The second parameter is the number of epochs. An epoch refers to one pass through the entire training dataset. Training an LLM on a large dataset can take a long time, so it’s important to find the optimal number of epochs for your specific use case. Too few epochs can result in an underfit model, while too many epochs can result in an overfit model.

geforce RTX -> in implementing and finetuning open source LLMs

Infrastructure Requirements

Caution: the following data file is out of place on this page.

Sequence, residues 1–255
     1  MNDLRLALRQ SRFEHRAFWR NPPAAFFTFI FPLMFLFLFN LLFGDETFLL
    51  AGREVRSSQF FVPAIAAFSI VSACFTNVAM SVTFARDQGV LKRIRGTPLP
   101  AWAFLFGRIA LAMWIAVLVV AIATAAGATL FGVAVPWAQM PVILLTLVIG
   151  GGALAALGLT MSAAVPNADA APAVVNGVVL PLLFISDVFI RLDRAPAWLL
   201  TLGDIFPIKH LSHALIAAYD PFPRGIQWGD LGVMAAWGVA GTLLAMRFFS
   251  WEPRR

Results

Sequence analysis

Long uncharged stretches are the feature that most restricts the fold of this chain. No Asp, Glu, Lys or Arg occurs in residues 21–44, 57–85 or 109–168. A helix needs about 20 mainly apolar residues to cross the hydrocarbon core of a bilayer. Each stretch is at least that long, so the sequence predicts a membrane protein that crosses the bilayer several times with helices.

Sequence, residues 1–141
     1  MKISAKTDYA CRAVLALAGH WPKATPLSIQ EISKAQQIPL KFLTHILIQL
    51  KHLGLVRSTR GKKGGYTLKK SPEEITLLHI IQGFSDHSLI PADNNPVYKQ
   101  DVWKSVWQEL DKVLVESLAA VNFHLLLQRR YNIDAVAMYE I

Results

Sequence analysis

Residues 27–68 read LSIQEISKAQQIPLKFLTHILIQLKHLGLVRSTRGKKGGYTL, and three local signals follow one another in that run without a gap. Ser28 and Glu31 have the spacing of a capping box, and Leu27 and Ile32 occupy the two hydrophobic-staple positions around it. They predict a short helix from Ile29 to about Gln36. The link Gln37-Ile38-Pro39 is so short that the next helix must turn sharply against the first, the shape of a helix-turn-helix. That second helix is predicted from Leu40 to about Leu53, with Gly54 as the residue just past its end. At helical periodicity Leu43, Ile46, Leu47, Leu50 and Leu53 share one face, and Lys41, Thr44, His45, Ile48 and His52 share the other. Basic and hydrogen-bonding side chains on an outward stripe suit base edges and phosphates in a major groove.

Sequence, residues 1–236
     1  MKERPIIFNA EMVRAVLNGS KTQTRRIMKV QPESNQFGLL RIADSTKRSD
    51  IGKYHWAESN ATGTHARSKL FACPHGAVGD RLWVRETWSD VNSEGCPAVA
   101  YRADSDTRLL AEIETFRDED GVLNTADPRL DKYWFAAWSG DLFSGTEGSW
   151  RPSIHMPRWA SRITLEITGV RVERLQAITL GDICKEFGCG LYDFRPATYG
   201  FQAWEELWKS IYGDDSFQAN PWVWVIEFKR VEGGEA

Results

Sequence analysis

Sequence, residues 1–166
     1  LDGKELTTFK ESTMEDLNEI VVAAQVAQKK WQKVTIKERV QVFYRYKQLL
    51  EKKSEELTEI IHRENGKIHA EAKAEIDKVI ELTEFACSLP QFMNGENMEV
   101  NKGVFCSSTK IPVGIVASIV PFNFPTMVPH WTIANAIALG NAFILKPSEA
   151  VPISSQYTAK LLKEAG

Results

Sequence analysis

Implementing an LLM requires significant computational resources, especially when finetuning a pre-trained model. To achieve optimal performance, it’s essential to use a Graphical Processing Unit (GPU) or even a Tensor Processing Unit (TPU) for training the model. A GPU is specialized hardware that can perform parallel computations much faster than a traditional CPU. There are cloud-based services such as Google Cloud Platform, Amazon Web Services, and Microsoft Azure that provide access to GPUs for training and deploying LLMs. For PoC development in the “playground phase”, it is a good idea to start with Google Colab, as you can start using a GPU on the free tier (depending on availability). If you are working on a more mature project, training the model on an AWS Sagemaker Notebook in a GPU environment is a better option. For most models, you can use the HuggingFace Estimator, which ensures that only training is done on the GPU and all other code editing and running is done on the notebook’s instance type (which can be a cheaper CPU).